Physical rRNA Removal - Advantages and Disadvantages

By using targeted probes, one can also flexibly deplete abundant RNAs that take up expensive RNA-Seq reads. For example, globin, found in high amounts in RNA isolated from blood samples, can be efficiently depleted by globin mRNA-specific probes.

Ribosomal RNA can also be removed by selective degradation where enzyme RNase H is used to specifically degrade DNA-RNA hybrids formed between DNA probes and complementary rRNA (e.g. NEBNext rRNA depletion kit by New England Biolabs). This method was reported to produce consistent results, working as well on degraded samples though there was a bias against detecting transcripts of shorter length compared to Ribo-Zero.

3) Targeted amplification

An alternative method to deplete rRNA involves the use of  “not so random” hexamer/heptamer primers with a decreased affinity for rRNA during first strand cDNA synthesis. This is employed by the Ovation RNA-Seq kits from NuGen. Though the kit can be used to detect non-polyA RNAs and can be applied to prokaryotes, the additional incorporation of oligo(dT) still contributes to a bias towards  detecting 3′ regions.

A recent ribosome profiling study comparing library preparation methods reported fewer reads obtained and greater intronic reads for Nugen kits compared to polyA-selection methods. As Nugen also incorporated an RNase-mediated degradation of unwanted transcripts during final library construction steps, this indicates targeted amplification alone cannot totally remove rRNA. The method does however work with low input amounts and degraded samples.

 Targeted Amplification with not so random primers - Advantages and Disadvantages

So which ribo-depletion method works best?

And the answer as always? It depends. Depending on the ribo-depletion method chosen in RNA-Seq library preparation, some differences in genes detected and their expression levels will certainly be observed.

Poly-A selection might be the most efficient method when only focussed on protein-coding genes, but one loses significant information on non-polyadenylated RNAs and immature transcripts. In instances such as microbial sequencing or in sequencing degraded or FFPE samples, poly-A selection cannot even be applied or may perform poorly.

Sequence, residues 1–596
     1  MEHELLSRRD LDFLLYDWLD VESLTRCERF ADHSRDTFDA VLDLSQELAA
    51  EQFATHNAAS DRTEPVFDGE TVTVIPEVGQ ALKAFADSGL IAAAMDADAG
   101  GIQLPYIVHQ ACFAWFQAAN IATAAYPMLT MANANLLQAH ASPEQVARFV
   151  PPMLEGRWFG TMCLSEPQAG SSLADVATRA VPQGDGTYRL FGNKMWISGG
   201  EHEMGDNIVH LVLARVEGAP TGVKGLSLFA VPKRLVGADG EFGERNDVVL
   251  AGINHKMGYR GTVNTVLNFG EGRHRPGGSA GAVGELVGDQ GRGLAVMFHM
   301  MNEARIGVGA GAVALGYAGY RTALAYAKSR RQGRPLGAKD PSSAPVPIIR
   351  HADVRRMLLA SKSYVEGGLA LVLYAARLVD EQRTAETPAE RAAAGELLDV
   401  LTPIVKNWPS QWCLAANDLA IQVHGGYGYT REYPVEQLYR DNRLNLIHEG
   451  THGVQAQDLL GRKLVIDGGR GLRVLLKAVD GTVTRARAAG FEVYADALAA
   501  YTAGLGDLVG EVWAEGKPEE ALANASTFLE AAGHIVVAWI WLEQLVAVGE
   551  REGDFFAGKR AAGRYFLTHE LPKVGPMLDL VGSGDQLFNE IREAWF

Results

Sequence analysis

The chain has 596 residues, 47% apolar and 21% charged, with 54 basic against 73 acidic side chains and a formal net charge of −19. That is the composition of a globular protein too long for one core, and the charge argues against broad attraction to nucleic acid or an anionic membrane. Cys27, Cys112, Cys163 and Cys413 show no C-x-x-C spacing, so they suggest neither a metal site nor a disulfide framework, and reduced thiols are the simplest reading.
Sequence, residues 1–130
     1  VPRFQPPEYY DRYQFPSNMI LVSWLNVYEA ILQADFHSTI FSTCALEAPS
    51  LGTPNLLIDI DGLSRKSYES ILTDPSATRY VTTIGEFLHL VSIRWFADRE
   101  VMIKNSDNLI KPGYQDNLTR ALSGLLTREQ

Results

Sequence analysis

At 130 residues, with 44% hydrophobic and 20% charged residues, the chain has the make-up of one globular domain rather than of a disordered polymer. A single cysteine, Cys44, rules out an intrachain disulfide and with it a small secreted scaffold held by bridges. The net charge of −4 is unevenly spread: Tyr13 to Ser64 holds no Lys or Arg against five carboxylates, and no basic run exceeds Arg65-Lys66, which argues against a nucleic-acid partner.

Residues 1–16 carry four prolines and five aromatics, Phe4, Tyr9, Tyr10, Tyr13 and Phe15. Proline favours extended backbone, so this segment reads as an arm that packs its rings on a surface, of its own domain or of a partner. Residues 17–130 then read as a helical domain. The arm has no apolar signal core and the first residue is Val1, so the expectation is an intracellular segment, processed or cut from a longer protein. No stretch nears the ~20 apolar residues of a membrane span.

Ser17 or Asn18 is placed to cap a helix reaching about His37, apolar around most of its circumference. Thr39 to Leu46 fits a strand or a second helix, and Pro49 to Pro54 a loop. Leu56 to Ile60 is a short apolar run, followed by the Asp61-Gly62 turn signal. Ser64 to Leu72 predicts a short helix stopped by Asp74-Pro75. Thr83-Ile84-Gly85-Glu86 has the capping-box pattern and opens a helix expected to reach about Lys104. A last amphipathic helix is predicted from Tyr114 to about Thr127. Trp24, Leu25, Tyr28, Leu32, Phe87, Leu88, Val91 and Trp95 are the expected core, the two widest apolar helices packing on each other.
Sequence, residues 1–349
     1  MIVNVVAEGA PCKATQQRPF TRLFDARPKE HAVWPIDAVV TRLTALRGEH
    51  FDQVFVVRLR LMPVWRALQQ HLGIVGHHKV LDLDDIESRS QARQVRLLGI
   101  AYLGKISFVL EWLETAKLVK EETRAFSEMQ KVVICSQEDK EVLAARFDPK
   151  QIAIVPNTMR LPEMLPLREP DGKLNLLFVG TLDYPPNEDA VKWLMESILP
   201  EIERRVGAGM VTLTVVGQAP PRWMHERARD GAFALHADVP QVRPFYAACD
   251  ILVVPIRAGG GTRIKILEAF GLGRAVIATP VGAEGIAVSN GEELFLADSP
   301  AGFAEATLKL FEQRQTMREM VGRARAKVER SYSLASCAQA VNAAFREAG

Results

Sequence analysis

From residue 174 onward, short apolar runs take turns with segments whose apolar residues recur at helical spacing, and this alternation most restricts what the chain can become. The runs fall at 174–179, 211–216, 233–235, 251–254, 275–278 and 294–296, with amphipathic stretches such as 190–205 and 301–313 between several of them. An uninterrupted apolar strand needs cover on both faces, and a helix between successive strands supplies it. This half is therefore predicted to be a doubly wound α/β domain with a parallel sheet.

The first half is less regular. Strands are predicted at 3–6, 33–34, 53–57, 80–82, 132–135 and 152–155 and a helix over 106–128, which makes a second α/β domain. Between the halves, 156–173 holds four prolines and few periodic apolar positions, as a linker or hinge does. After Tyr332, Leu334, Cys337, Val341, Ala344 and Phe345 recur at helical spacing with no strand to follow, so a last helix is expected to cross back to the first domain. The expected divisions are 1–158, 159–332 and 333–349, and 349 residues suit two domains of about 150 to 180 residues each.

Physical rRNA removal offers the advantage of retrieving more transcriptomic information but comes at a cost of greater intronic/intergenic reads that necessitates a greater sequencing depth. However, it offers greater flexibility and better performance in sequencing of challenging sample types.

Targeted amplification with “not so random” primers though effective for low input material, comes also at a cost of greater sequencing depth required.

All methods are subject to some extent of non-specificity and detection bias. Further variability can also arise from different methods of sequence alignment in RNA-Seq data analysis. It is therefore always advisable to validate sequencing data obtained by real-time quantitative PCR (rtqPCR) or other methods.



1. Song, Y., Milon, B., Ott, S., Zhao, X., Sadzewicz, L., Shetty, A., Boger, E. T., Tallon, L. J., Morell, R. J., Mahurkar, A., and Hertzano, R. (2018) A comparative analysis of library prep approaches for sequencing low input translatome samples. BMC Genomics. 19, 696
2. O’Neil, D., Glowatz, H., and Schlumpberger, M. (2013) Ribosomal RNA Depletion for Efficient Use of RNA-Seq Capacity. in Current Protocols in Molecular Biology, p. 4.19.1-4.19.8, John Wiley & Sons, Inc., Hoboken, NJ, USA, 103, 4.19.1-4.19.8
3. Stark, R., Grzelak, M., and Hadfield, J. (2019) RNA sequencing: the teenage years. Nat. Rev. Genet. 10.1038/s41576-019-0150-2
4. Cui, P., Lin, Q., Ding, F., Xin, C., Gong, W., Zhang, L., Geng, J., Zhang, B., Yu, X., Yang, J., Hu, S., and Yu, J. (2010) A comparison between ribo-minus RNA-sequencing and polyA-selected RNA-sequencing. Genomics. 96, 259–265
5. Zhao, S., Zhang, Y., Gamini, R., Zhang, B., and von Schack, D. (2018) Evaluation of two main RNA-seq approaches for gene quantification in clinical RNA sequencing: polyA+ selection versus rRNA depletion. Sci. Rep. 8, 4781
6. Herbert, Z. T., Kershner, J. P., Butty, V. L., Thimmapuram, J., Choudhari, S., Alekseyev, Y. O., Fan, J., Podnar, J. W., Wilcox, E., Gipson, J., Gillaspy, A., Jepsen, K., BonDurant, S. S., Morris, K., Berkeley, M., LeClerc, A., Simpson, S. D., Sommerville, G., Grimmett, L., Adams, M., and Levine, S. S. (2018) Cross-site comparison of ribosomal depletion kits for Illumina RNAseq library construction. BMC Genomics. 19, 199


Featured Image is an artist’s rendition of a ribosome. Credit: C. BICKLE/SCIENCE